A total of 195 laboratory-confirmed SARS-CoV-2 infected patients were admitted to BIDI during the study period. This included 11 patients previously reported during the early phase of COVID-19 outbreak . Of the 195 laboratory-confirmed SARS-CoV-2-infected patients, 193 (99.0%) had either a recovered or deceased final clinical outcome. The other two patients were referred to other hospitals before viral RNA clearance according to their requests to be referred. Two consecutive negative RT-PCR results from nasopharyngeal and throat swab were obtained in 82.4% and single negative results in 17.6%. The median (IQR) age of the patients was 37.0 (29.0–53.0) years, 58.5% were males, and 91.2% were Thai. The median BMI (IQR) was 23.3 (20.4–25.9) kg/m2 and 12.7% were obese. One-quarter of the patients had one or more coexisting medical conditions, which was found less frequently in mild cases. Hypertension, diabetes, and dyslipidemia were the most common comorbidities. Of all cases, 79.3% were local transmission, and 20.7% were imported cases. The epidemiological data showed that 34.7% had a history of contact with a confirmed COVID-19 case, 20.7% had arrived from affected countries with widespread or ongoing transmission of COVID-19 within 14 days before the onset of illness, 17.1% had attended or worked at crowded places, 22.8% were involved with a boxing stadium cluster, and only one patient was linked with a healthcare facility (Table 1).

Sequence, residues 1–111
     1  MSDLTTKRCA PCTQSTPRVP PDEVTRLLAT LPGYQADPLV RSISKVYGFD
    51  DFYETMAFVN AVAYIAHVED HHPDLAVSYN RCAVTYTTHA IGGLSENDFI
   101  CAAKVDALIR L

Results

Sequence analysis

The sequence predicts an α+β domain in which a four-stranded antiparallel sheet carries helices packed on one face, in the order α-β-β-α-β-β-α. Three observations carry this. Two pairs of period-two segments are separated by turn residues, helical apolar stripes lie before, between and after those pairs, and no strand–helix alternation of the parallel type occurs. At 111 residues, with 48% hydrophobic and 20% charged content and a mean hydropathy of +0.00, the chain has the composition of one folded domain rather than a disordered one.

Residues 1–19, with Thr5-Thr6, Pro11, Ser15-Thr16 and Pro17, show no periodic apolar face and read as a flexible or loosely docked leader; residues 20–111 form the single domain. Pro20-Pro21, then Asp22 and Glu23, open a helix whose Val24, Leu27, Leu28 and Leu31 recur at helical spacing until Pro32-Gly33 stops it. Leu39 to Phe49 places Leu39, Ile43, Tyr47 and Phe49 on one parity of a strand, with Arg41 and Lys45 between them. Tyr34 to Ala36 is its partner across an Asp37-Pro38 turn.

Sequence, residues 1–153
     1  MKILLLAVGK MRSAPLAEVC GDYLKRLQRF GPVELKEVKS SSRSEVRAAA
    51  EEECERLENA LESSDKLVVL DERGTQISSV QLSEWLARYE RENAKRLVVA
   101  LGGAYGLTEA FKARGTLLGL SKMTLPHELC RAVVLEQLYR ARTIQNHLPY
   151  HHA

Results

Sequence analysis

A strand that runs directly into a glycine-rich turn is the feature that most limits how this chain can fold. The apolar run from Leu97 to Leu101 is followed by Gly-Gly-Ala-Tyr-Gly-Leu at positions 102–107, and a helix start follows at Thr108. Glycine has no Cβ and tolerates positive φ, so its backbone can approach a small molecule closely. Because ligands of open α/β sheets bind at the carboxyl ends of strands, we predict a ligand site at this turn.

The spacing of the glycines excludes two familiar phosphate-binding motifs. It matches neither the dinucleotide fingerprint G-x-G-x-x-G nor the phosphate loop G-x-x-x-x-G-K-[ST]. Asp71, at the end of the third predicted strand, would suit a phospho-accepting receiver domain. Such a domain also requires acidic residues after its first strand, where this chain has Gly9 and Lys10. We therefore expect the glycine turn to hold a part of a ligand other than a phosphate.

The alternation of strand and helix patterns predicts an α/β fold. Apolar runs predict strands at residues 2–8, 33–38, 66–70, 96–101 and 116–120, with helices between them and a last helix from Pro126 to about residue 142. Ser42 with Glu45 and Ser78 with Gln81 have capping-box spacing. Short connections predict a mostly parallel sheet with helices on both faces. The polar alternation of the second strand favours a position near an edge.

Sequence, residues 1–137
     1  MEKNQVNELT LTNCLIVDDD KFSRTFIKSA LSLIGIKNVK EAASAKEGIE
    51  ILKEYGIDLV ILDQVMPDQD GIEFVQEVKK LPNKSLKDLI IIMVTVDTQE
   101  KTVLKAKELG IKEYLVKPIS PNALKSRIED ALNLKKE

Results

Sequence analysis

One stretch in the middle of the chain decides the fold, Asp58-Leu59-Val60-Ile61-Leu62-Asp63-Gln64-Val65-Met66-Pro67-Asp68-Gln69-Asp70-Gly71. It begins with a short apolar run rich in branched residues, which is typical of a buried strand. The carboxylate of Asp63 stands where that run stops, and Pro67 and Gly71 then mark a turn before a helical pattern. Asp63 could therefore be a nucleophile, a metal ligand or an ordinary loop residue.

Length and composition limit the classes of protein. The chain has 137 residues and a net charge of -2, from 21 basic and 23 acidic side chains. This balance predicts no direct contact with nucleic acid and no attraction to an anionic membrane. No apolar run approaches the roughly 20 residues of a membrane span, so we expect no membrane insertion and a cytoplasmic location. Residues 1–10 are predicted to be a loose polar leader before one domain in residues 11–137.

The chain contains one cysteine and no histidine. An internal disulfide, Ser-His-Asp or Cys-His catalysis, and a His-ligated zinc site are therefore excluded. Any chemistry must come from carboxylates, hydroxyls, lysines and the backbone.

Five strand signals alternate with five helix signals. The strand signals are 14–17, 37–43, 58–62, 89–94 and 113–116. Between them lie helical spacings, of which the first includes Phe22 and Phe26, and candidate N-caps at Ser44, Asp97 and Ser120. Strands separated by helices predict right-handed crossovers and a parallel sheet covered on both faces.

Contact investigation was able to identify the date of disease contact in 83 (43.0%) patients. Among this group, the median (IQR) incubation period among this group was 5.5 (3.0–8.0) days. The median (IQR) time from onset of illness to the first visit was 3.0 (2.0–6.0) days. Baseline clinical characteristics of the patients are shown in Table 1. Fever (62.7%) was the most common presenting symptoms, followed by dry cough (49.2%). Coryza, including rhinorrhea and sore throat, were reported in 28% of cases. Gastrointestinal symptoms were initially present in less than 10% of the patients. At presentation, only 78 (39.8%) of patients were found to have a fever by a thermometer measurement. The mean axillary temperature of mild cases was 37.0°C, whereas those of moderate and severe cases were more than 37.5°C. The patients with moderate and severe disease had laboratory abnormalities of greater magnitude (e.g. lower absolute lymphocyte and platelet count). Rapid influenza diagnosis test was done in 141 (73.0%) patients; only one patient tested positive for influenza A. Chest radiography revealed no opacity in 80.8%, unilateral opacity in 8.8%, and bilateral opacities in 10.4% of the patients.